"Civil Courage: A Response to Contemporary Conflict and Prejudice," a compilation of essays by contributors from around the world, is organized in four sections. Moral Choices: Why did the Nazis not respond with horror and revulsion to the killing of other humans? Why, in recent times, have we failed to respond with urgency to contemporary genocide and genocidal acts? Martin Doerry, Ronald Headland, Sevak Manjikian, and Pierre Sauvage offer their perspectives on the moral choices that invariably arise in the context of genocide. Issues in Holocaust Education: Yair Auron, Neil Caplan, Motti Golani, Brian Hanrahan, Angelika Maeser Lemieux, Yasuhiro Tae, Dan Schreiber, and Ray Wolpow examine the effectiveness of various teaching methods from diverse national perspectives. The issue in Holocaust education today is to show that there are general principles for human behavior to be gleaned from the Holocaust. If we are responsible educators, the causes of the Holocaust must be addressed in order to prevent future genocide. Contemporary Jewish Identity: Emanuele Ottolenghi and Mark Weitzman examine contemporary antisemitism in Europe and North America respectively. Michael Pollan reflects upon Jewish identity from the unique perspective of a young Jew who worked as a civil servant for the Austrian government in a program designed to acknowledge Austria's role as a perpetrator of the Shoah. Testimony: Firsthand testimony will soon be available only in memoirs or recorded oral histories. In the future, second and subsequent generations must speak as witnesses. Sheldon Schreter, a grandchild of Holocaust victims, describes a visit with his four sons to Sighet, Romania, his parents' birthplace, and struggles with the question of -Why?- The prevention of genocide is, in large measure, dependent upon the good will and intervention of citizens living in modern cultures. It is incumbent upon everyone involved in genocide studies to contribute to a shared language of prevention - to inspire in young people and educators that one person can make a difference. "Civil Courage" is a modest attempt to help achieve this goal."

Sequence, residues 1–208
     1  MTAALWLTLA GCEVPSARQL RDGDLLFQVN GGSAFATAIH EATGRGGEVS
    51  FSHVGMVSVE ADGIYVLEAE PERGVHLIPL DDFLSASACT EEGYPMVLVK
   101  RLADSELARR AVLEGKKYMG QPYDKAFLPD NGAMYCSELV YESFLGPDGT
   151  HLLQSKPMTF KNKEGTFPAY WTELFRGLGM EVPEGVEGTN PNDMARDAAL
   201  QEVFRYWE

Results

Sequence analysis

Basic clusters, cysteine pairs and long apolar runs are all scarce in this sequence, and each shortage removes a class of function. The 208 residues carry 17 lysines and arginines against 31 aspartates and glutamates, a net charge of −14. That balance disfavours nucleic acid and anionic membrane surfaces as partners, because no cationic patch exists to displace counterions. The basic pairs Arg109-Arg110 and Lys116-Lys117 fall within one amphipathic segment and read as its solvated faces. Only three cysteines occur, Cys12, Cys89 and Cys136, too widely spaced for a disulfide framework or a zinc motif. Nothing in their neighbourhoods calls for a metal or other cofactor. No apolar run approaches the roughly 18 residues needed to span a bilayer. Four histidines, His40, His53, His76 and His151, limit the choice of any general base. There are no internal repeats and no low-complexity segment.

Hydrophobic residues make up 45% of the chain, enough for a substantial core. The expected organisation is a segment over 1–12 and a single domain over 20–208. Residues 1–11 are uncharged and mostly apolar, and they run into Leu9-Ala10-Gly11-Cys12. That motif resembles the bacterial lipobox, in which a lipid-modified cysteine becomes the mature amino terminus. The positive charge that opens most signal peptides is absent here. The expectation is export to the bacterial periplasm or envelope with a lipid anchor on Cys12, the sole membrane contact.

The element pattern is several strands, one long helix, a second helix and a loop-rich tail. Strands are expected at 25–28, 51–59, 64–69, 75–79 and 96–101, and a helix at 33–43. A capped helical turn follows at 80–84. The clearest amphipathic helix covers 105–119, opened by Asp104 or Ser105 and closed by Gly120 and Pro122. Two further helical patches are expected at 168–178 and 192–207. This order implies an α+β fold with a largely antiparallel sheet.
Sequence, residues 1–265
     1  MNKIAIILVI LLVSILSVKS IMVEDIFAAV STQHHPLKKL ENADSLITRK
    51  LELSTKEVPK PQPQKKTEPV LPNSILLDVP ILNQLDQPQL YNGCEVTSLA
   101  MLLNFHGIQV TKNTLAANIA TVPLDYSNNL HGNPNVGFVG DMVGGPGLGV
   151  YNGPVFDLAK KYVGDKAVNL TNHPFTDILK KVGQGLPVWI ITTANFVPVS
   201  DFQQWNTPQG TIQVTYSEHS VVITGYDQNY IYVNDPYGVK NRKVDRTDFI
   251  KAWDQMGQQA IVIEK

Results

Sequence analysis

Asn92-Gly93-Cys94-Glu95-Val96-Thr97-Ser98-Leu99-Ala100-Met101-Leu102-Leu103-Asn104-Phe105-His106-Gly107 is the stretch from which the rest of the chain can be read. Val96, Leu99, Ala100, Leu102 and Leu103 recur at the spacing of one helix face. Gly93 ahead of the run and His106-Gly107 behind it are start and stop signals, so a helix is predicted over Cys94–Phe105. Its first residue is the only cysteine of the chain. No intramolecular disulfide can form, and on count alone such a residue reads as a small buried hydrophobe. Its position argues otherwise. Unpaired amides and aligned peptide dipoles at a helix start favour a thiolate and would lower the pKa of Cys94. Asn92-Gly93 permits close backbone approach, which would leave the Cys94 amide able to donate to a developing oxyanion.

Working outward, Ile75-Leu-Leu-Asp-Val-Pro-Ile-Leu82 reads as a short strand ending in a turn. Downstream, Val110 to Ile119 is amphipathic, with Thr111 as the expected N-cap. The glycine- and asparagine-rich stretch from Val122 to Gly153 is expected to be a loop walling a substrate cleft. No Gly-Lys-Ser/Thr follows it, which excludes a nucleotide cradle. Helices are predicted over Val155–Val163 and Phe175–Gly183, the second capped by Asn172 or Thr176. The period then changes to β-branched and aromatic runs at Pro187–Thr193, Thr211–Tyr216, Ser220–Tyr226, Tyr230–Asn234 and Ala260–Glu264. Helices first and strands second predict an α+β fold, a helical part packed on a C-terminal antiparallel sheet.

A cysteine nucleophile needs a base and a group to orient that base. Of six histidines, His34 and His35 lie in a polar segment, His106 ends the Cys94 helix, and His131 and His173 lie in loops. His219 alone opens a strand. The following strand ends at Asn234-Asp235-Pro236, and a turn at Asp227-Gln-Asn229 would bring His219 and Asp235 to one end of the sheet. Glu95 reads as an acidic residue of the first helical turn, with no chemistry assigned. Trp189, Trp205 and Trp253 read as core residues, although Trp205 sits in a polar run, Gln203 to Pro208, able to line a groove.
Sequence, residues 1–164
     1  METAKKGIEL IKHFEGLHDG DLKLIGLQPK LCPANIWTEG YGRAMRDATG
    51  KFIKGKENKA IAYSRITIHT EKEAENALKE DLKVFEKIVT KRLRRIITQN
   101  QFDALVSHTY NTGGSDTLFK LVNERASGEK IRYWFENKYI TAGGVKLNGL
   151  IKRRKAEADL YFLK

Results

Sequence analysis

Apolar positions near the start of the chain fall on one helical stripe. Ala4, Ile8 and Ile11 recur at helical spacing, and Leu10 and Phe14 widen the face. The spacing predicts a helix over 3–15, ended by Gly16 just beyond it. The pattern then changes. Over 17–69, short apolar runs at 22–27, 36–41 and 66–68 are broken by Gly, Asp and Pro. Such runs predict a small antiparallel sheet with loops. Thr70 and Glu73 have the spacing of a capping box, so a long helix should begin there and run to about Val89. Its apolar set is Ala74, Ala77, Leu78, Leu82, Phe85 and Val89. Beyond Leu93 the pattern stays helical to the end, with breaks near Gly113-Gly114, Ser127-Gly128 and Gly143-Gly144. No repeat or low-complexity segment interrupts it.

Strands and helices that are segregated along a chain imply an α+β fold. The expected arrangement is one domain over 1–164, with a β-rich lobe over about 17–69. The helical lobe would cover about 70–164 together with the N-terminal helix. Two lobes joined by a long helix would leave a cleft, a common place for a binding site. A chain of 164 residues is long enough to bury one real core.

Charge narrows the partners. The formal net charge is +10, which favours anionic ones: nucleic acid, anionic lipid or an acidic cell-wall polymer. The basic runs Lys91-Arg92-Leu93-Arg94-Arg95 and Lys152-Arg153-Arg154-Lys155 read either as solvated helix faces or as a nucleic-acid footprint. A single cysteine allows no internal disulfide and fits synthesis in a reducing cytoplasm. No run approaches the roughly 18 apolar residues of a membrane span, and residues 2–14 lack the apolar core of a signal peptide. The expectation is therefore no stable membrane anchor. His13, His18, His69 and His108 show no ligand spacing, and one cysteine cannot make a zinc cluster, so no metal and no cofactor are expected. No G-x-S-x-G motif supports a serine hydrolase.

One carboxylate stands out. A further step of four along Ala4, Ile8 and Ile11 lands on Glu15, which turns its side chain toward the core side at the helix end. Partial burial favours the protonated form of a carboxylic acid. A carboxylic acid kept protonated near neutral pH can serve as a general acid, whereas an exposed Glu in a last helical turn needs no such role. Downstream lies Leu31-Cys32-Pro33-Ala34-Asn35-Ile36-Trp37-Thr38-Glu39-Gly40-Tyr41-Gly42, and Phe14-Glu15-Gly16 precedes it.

What is the main role for teachers today? Why is the Council of Europe dealing with education, and teacher education in particular? How is educational thinking guided by visions of a future society desirable for all? How, in the midst of a fierce battle for curriculum time, can education for human rights, democracy and mutual understanding be embedded in the existing curricula? What are the values underlying our educational visions? The aim of this publication is to offer a few answers to these and many other questions. Above all, its purpose is to contribute to the ongoing debate, more necessary than ever, on the role of teachers and teacher education in the broader context of teaching and learning for a sustainable democratic society.
Wayne Sandholtz and Kendall Stiles sketch the primary theoretical perspectives on international norm change, the 'legalisation' and 'transnational activist' approaches, and argue that both are limited by their focus on international rules as outcomes.